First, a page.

The clones are given free rein to research for themselves and Gen-E, but the world is in grave danger. The Russians and Chinese are conducting their own experiments within the ecosystem, and when Isaac Prime betrays the new kids on the block, it becomes a race against time to learn the truth behind Cornerstone and escape the jaws and claws of monsters and men. The scope is breath-taking and the chapters fly by, as long as you don’t think too hard on the physics. I’m sure it all makes sense, but I like my brain where it is, not coming out of my ears.

The Twin Paradox is the first in a projected series, with a sequel, The Divine Paradox, due for publication early next year. I will certainly read it, for I found this book fun and engaging. I was happy to review it for the publishers, author, and NetGalley.

Reality Testing by Grant Price

Over the course of recent months and years, I have come to the firm belief that whatever is in store for humanity, it’s not going to be good. Too many countries have elected indiduals to positions of power who have no right to be there. They have little experience or worse, they couldn’t care less what happens to the people they were elected by and the world around them. To them it’s all about power and how to maintain it. They pay lip service to climate change, and brush the refugee crisis under the carpet. To them, such catastrophes are always someone else’s problem. Very few novels published today focus on what happens when things go well for humanity, instead dydtopian fiction forms the bedrock of a lot of speculative fiction you see in bookstores or online, especially since 2016. In short, bad news sells books.

But that doesn’t mean these books are bad. Quite the opposite, in fact. Some of them are really good. Allow me to introduce you to Reality Testing, by Berlin-based author Grant Price. You’re probably familiar with the cyberpunk genre, made famous by William Gibson’s 1984 novel Neuromancer, which combines a hi-tech futuristic setting with general societal degradation: basically the rich get richer and have access to all the mod cons in technology, and the poor are so far down the bottom of the ladder they have no chance of improving their lot in life. The Berlin of Grant Price’s novel is a perfect example of a society gone worng. It’s the aftermath of the Second Water War, and the Big Five conglomerates have taken control of the city and its citizens, advertising their products and services in very obtrusive ways. They say their technology and policies are in aid of the failing environment, whereas in fact they’re outbidding and out-manoeuvering each other to get a bigger slice of the pie. Automatons known as bulls patrol the streets, dishing out instant justice for even the most petty of crimes. Citizens make ends meet how they can, working enough jobs to ensure they get cheap food and entertainment. Mara Hinzig gets a lot more than she bargains for when she signs up for a gig which will allow her to be paid while she undergoes a few months of sleep in a programme called LINK, run by Ahe+d, and overseen by the mysterious Klaus Koje.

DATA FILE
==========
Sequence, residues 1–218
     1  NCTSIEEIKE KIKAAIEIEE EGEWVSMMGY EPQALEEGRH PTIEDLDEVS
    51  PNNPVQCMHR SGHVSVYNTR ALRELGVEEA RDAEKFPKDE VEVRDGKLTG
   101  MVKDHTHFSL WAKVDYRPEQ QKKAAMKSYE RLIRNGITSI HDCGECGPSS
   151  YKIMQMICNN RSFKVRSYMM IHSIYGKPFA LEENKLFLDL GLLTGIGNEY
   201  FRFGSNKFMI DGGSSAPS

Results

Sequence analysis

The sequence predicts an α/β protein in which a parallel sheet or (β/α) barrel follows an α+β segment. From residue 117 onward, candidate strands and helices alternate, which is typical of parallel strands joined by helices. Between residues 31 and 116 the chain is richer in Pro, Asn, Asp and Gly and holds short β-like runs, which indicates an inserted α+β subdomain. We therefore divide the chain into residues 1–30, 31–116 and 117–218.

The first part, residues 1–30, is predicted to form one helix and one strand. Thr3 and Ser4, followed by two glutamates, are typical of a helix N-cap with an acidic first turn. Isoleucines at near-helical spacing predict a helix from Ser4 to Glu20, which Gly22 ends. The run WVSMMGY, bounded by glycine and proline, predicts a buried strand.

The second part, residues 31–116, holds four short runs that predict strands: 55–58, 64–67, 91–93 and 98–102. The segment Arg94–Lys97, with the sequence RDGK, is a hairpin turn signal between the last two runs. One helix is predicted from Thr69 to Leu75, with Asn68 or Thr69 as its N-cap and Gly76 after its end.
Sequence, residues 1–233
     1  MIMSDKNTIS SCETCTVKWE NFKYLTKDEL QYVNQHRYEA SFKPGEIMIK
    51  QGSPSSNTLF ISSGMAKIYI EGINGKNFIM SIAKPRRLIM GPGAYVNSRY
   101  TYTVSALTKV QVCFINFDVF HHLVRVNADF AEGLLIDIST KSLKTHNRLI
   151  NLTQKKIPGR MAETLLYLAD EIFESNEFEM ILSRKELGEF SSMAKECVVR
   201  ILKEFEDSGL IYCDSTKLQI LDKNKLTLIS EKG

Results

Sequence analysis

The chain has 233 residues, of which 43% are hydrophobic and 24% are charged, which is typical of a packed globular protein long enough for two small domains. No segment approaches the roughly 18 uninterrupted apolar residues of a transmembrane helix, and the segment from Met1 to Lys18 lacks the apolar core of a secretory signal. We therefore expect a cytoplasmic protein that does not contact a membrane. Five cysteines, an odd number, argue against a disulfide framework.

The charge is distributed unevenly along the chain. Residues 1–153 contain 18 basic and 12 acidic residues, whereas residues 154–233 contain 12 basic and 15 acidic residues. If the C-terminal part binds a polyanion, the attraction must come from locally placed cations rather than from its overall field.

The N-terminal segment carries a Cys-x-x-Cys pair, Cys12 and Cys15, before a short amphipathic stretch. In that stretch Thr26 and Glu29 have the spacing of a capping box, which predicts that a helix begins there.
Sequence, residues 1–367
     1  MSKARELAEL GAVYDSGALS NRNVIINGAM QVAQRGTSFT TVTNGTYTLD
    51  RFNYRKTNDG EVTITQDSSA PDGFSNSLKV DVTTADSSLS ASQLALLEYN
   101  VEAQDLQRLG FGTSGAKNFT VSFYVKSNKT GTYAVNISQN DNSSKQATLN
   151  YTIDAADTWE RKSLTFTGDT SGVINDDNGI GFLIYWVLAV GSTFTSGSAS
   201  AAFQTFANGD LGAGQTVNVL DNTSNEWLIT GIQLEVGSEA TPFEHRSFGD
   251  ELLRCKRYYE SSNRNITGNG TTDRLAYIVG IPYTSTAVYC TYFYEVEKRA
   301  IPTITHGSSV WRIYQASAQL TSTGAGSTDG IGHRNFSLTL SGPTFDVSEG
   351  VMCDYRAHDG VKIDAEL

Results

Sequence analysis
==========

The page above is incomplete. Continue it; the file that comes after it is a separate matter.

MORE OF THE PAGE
Grant Price

Mara wakes up next to a dead body. She’s got blood on her hands and she has no idea what happened. She runs for it and ends up at the door of her ex-partner Jema. The only problem is, the body Mara how inhabits isn’t her own. Not only is she wanted for a murder she doesn’t remember committing, but she now has a face she doesn’t recognise and a voice inside her head is giving her instructions and at times taking control over her body. This is not a good time to be Mara. When tragedy ensues, Mara is driven literally underground, where she meets a cohort of individuals who either want to kill her, turn her over to the authorities for a reward. Price creates a beautifully realised subterranean world with characters that are unique and off-the-wall crazy. I loved Mantis and Prestone, both augmented and damaged human beings, victims of circumstance and hubris. With their help, Mara is led to another part of Germany where the mythical Vanguard await. There she finds a group of people, mainly women, who live off-grid, and with the aid of the Abbot, the group’s leader, she tries to understand what’s happening to her and how she can get revenge on Koje. Her right-hand man is Daniel Van Morden, a veteran with a secret of his own. Along with Abbadine, Xi Yang, and Theo, Mara plots a way to get back control of her life and identity.